the need for customer research before a meeting. Crucial information
lies not just in SEC documents, Hoover's and Crush reports, but also in
blogs, Tweets, Facebook, LinkedIn, and every trade magazine and website
on earth. Add to this your firm's hidden internal knowledge both from
former sales teams and from your Market Research team. Ignore the
entirety of available strategy-setting customer intelligence and you are
your competitors' dog meat. Ok, that was harsh, but you get the point.
Deep-Dive Customer Analysis
Deep-dive is digging further into issues, reading between the lines, and
constantly asking why. Say you find a customer's CEO quote in his
quarterly earnings update that indicates a future 50% reduction in IT
expenditures. Digging deeper is trying to find out why. What is driving
this reduction? Are they simply finishing off a large IT contract or are
they fundamentally changing their IT approach? How should you
re-position your solution in light of these deeper findings?
Sales people simply don't have the time, skill, or will to dig deep --
and it is a tough assignment. Research is not their specialty, and I
would argue that today it takes a specialist. Few world-class meetings
result from second-rate research efforts.
Funny to me is how firms spend big bucks on McKinsey, Accenture,
Gartner, IDC and even their own in-house research departments for
overall market assessments, but when it comes to an actual, live
strategic opportunity, they expect their sales people to Google and
Hoover their way to the finish line. Why does quality research support
stop when it is most needed and when the ROI is so clear?
Serving a nice hot beef brisket lunch to a CIO who had recently blogged
about his family's devotion to Veganism? Oops. I bet the competition
served nice hot Soba Noodles with Peanut Sauce. Public information may
be your gift, but it's also your burden.
Here's a solution -- and what some top firms do: Embed a "Customer
Strategist" into sales teams for strategic accounts. Appoint a senior
level analyst who understands the sales process, and who can gain the
respect of, and influence "Type A" sales people and executives. The
Customer Strategist is responsible for deeply analyzing select customer
opportunities, and for helping to construct intelligence-fed account and
meeting strategies. This person could also help coordinate customer
briefings -- ensuring sales strategies and presentations synch and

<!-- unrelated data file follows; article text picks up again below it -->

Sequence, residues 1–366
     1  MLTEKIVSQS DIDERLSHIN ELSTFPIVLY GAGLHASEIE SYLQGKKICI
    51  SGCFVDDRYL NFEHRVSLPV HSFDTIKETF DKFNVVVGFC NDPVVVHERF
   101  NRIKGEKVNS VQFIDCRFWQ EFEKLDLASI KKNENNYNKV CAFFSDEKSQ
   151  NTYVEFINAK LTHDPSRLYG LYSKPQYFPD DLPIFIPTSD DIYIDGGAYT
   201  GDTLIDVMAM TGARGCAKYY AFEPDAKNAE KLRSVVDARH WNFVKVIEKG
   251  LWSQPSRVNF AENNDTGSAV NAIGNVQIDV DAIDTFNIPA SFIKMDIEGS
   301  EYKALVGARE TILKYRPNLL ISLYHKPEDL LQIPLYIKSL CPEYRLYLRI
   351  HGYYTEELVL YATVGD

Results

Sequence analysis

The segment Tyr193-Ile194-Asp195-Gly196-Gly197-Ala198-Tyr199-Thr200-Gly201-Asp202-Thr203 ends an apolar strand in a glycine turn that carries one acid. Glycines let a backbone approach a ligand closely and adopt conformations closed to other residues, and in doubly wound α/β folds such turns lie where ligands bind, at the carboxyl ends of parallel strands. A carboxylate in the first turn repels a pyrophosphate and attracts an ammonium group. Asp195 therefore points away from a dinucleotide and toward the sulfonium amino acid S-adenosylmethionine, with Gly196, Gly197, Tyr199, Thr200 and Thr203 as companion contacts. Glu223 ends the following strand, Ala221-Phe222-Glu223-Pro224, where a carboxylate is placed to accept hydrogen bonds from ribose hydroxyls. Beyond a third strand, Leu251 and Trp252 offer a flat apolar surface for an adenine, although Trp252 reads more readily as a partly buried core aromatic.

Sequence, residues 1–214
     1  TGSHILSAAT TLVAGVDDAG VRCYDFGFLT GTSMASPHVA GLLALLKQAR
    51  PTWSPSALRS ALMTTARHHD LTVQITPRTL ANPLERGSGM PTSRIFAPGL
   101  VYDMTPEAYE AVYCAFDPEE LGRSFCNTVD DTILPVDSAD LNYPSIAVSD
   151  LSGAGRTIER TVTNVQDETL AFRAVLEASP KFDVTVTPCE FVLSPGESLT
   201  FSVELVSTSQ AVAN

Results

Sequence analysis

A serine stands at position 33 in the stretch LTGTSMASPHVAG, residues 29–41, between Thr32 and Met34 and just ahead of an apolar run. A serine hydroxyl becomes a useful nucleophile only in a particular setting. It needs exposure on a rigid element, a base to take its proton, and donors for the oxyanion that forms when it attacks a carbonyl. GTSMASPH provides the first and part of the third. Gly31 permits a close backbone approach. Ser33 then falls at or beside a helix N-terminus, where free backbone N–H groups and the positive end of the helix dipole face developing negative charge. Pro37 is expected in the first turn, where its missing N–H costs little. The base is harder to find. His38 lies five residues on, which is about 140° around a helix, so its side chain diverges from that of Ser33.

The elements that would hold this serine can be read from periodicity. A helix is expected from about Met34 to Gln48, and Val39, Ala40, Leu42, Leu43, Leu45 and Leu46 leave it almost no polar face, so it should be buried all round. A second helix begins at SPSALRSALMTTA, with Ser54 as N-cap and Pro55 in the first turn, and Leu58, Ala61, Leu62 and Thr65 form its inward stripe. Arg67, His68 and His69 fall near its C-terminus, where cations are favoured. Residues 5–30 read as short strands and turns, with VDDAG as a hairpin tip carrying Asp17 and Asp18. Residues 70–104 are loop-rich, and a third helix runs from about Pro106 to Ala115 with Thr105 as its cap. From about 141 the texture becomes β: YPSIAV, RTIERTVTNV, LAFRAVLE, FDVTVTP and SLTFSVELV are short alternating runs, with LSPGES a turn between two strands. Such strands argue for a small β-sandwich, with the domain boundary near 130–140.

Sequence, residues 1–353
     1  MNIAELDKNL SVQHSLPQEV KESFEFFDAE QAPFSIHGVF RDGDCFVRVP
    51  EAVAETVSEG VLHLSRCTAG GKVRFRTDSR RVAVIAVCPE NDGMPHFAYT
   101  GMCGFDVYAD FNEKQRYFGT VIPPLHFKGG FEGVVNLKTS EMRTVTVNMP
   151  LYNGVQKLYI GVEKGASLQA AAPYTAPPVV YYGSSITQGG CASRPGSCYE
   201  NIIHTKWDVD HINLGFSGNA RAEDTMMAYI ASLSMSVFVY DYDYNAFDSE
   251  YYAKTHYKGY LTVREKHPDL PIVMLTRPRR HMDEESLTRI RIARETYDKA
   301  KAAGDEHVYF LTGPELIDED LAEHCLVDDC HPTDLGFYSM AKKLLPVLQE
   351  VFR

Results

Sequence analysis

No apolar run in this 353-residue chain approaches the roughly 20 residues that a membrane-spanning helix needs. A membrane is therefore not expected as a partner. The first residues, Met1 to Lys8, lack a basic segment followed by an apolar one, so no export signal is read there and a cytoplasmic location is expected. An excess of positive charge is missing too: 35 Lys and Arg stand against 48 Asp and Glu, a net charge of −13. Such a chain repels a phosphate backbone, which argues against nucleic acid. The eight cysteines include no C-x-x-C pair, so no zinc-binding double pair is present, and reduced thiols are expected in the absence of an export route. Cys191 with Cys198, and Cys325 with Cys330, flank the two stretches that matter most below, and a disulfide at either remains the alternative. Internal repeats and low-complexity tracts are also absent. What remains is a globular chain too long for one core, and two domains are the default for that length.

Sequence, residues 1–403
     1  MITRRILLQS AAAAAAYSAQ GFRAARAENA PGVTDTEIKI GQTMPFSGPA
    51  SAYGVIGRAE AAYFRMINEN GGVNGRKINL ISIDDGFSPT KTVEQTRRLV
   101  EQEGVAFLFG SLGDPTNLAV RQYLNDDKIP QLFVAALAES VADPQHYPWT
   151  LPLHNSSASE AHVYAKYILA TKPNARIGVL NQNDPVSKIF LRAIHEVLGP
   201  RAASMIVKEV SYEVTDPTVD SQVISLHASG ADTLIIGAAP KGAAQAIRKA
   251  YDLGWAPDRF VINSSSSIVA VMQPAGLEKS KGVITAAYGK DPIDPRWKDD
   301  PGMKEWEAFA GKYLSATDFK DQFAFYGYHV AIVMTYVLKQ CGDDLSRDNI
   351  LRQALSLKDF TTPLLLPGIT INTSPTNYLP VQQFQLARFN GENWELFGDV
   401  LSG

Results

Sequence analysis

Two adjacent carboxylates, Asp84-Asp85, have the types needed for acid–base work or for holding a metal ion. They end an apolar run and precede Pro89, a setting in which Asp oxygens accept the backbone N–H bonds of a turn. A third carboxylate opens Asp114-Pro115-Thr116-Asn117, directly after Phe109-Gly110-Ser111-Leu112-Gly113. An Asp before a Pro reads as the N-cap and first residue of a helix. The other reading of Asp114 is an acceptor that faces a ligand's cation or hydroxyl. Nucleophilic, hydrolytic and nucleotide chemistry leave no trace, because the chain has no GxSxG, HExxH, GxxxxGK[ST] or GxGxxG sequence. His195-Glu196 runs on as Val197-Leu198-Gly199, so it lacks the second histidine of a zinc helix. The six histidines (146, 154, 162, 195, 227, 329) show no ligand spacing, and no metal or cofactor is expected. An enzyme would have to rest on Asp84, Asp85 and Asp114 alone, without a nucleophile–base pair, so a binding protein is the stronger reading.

reflect research findings.
The strategist's role is to ask the sales team at each step of the sales
cycle, "So what information do you need to close this deal?" Then they
use their skills to answer these questions, and proffer their own ideas
and recommendations. They filter, analyze and help integrate customer
intelligence into the overall sales strategy. They ensure the sales team
conducts a focused, coordinated, visionary, and relationship-building
Think about it -- a more informed, focused, and relationship-directed
sales strategy makes meetings more effective, efficient and fun.
strategic opportunities, having a professional "Customer Strategist"
perform deep-dive research duties for sales teams will accelerate
opportunities and relationships. Let the top sales people sell, and an
embedded Customer Strategist support strategic opportunities -- together
they can deliver much more effective, focused, successful and fun
About Ned Daubney: Ned is a sales
team's best friend -- uniquely helping to nurture and close
strategic B2B customer opportunities. He helps teams achieve success by
delivering deep-dive customer analysis, intelligence-fed strategies, and
executive briefing support catered to each deal. Ned is a high-energy,
innovative marketing and sales professional with extensive experience
working closely with sophisticated sales teams. Principal and Founder of
SalesTeam Strategies, Ned has over twenty five years of sales and
marketing management and strategic research experience in both high tech
and financial services industries. Ned previously worked as Director of
Technology and Financial Services Practice for Fuld & Company, a global
market intelligence consulting firm. Prior to Fuld, Ned held sales and
marketing management roles at leading high-tech and financial services
firms, including Cisco Systems, Aspen Technology, GTE Internetworking/Genuity,
Lotus/IBM and The Boston Financial Group. Ned holds an MBA in Marketing
from Babson College's F.W. Olin Graduate School of Management, and a BS
in Accounting from the State University of New York at Plattsburgh.
+ Introducing the Customer Strategist